As a result of the coronavirus disease (COVID-19) pandemic (SARS-CoV-2), many companies will find themselves in financial difficulties. The Swiss government has already taken various measures to ease the burden on companies, including a financial assistance program of up to CHF 40 billion, and is considering further measures. From 1 to 3 April 2020, the Federal Office of Justice conducted a public consultation on a proposal to suspend the duty of companies to notify the judge in the event of over-indebtedness, which would then normally open insolvency proceedings, and to make amendments to the debt-restructuring proceedings. The project includes a new simplified "COVID-19 moratorium" for small and medium-sized enterprises (SMEs). The proposed measures are aimed at replacing the stay of all debt collection proceedings in place until 19 April 2020 (see our Newsflash of 20 March 2020).
1. Suspension of duty to notify the judge in case of over-indebtedness
Pursuant to Article 725 of the Swiss Code of Obligations, the board of directors shall notify the judge if the interim balance sheet shows that the claims of the company's creditors are neither covered if the assets are appraised at on-going business values nor at liquidation values. Such an interim balance sheet must be prepared and submitted to the auditors for examination "if there is reasoned concern of over-indebtedness". Upon being notified, the judge adjudicates the bankruptcy or grants either an adjournment of bankruptcy or a restructuring moratorium. If the board of directors fails to notify the judge, the auditors are required to do it.
Under the current COVID-19 situation and, specifically, the lockdown in place since mid-March 2020, the financial situation of more and more companies in Switzerland is getting increasingly difficult. To prevent that the boards of directors of these companies, in order to fulfill their legal duties and thus to prevent personal liability, have to file for insolvency, the Swiss government proposes that the notification of the judge can be omitted if there is a reasonable prospect that the over-indebtedness will be eliminated within six months after the end of the lockdown and other special measures under COVID-19 Regulation 2 of 13 March 2020, provided that the company was not over-indebted on 31 December 2019.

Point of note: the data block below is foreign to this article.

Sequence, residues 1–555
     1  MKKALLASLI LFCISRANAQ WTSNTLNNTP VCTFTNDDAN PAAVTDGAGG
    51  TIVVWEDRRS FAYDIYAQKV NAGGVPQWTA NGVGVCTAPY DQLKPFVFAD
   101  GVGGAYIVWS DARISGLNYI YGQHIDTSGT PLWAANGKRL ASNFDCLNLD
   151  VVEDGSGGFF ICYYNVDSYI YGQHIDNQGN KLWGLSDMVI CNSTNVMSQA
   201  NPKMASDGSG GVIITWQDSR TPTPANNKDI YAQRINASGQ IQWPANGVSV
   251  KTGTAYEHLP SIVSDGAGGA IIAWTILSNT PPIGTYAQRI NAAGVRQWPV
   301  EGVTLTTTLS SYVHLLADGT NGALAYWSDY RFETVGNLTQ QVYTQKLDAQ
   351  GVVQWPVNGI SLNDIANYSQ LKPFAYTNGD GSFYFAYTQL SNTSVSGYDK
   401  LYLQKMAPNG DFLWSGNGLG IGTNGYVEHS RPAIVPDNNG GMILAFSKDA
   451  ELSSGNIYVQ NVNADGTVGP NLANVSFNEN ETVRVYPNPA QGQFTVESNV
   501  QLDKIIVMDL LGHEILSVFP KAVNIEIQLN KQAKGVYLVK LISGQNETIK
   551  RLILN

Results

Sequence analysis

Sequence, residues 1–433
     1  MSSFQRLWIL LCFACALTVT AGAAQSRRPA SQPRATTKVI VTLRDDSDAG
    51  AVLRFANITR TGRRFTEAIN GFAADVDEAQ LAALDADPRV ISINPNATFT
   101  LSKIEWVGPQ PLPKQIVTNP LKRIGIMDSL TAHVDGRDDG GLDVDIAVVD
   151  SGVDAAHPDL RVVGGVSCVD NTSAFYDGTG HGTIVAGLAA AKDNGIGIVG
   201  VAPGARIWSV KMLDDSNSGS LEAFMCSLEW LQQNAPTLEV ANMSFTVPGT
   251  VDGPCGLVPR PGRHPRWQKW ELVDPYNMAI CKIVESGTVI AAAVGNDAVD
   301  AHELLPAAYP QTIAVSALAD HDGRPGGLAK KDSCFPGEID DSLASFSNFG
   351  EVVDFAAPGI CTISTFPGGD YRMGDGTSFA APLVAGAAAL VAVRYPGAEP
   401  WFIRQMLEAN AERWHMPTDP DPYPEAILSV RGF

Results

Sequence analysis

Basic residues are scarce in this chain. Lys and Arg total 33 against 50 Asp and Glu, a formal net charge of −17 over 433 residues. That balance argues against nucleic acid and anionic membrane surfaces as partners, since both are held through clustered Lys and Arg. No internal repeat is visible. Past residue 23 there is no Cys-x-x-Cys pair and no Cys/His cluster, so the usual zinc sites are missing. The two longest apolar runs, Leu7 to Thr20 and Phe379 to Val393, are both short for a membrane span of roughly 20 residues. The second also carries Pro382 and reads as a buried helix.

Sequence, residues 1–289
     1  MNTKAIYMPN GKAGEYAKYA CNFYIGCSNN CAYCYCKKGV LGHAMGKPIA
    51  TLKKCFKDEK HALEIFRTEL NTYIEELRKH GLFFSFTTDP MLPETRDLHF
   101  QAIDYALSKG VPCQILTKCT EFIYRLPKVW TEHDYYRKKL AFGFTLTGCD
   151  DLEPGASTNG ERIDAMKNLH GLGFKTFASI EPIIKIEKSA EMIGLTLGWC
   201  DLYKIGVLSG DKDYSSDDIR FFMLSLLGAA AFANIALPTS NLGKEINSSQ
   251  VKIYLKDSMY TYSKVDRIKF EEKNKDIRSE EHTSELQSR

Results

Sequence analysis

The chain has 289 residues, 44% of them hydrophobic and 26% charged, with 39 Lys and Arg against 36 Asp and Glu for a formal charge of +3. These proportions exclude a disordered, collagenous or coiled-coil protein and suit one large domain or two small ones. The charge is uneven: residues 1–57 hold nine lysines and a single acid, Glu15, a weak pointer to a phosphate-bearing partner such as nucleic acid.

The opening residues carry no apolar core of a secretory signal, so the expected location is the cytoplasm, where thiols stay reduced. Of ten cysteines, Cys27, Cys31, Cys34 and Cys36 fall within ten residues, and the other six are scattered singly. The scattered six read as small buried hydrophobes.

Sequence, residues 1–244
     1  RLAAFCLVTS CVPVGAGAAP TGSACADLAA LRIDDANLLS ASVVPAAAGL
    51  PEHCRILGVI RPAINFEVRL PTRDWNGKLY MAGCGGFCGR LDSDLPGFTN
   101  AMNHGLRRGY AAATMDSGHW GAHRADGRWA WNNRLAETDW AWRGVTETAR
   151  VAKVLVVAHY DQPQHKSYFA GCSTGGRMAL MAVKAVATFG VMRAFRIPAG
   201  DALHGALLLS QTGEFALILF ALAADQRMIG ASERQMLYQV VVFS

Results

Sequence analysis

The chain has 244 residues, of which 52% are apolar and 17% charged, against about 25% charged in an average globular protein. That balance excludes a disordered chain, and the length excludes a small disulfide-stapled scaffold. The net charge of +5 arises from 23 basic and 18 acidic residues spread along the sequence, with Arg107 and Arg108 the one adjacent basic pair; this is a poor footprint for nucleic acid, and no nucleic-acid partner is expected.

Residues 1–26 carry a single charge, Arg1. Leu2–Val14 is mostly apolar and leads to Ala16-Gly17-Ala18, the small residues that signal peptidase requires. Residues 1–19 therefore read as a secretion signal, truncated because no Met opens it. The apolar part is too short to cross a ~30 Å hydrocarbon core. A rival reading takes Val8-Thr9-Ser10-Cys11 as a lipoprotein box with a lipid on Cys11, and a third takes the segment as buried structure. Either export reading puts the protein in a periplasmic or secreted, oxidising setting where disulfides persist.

2. New COVID-19 moratorium for small and medium-sized enterprises
The existing restructuring proceedings in Articles 293 et seq. of the Swiss Debt Enforcement and Bankruptcy Act are generally considered to be too cumbersome and expensive for many SMEs. The proposed COVID-19 moratorium is intended to provide a simple procedure for debtors in distress to obtain a temporary stay of their payment obligations in order to allow them to reorganize and prepare for the time after the crisis. The procedure shall be open to companies not being publicly traded companies and a) with a balance sum of less than CHF 20 million, b) a turnover of less than CHF 40 million, c) less than 250 full-time employees (two of the criteria must have been fulfilled in two consecutive financial years), provided that such company was not already over-indebted on 31 December 2019.
The project provides that debtors may request the court to grant a moratorium of a maximum of three months, which may be extended by another three months. In principle no administrator will be appointed, but the court, ex officio or upon request by the debtor or a creditor, may appoint one if the circumstances so require. The moratorium shall prohibit the repayment of all claims against the debtor which have arisen until 30 May 2020, which may thus also include debts after the granting of the moratorium. Apart from this, the effects of the proposed COVID-19 moratorium shall largely correspond to those of the ordinary debt-restructuring moratorium. Receivables arising after the moratorium are not concerned, which allows the debtor to continue his business operations after the moratorium has been granted.
3. Other amendments to the debt-restructuring moratorium proceedings
For companies which do not qualify for the newly proposed COVID-19 moratorium, a few amendments to the existing debt-restructuring procedure are proposed, including the following:
- Extension of the maximum duration of the provisional moratorium from four to six months.
- Although this would actually be necessary to preserve the debtor's assets, the debtor should not be declared bankrupt before 30 May 2020 if the company was not over-indebted on 31 December 2019.
- The debtor shall be allowed, with the consent of the administrator, to terminate long-term agreements (such as lease agreements, but not employment contracts) at any point in time without the need to show, as under current law, that the purpose of the restructuring would otherwise be frustrated. The elimination of this requirement appears to be the most controversial of the proposed measures.
The proposals of the Swiss government appear to have been largely welcomed in the public consultation. Naturally, some participants expressed various concerns and suggested a number of changes, at times contradictory in nature. It will now be up to the Federal Office of Justice to consider these suggestions and to submit a final proposal to the Swiss government, with the aim of enacting the amendments as soon as possible.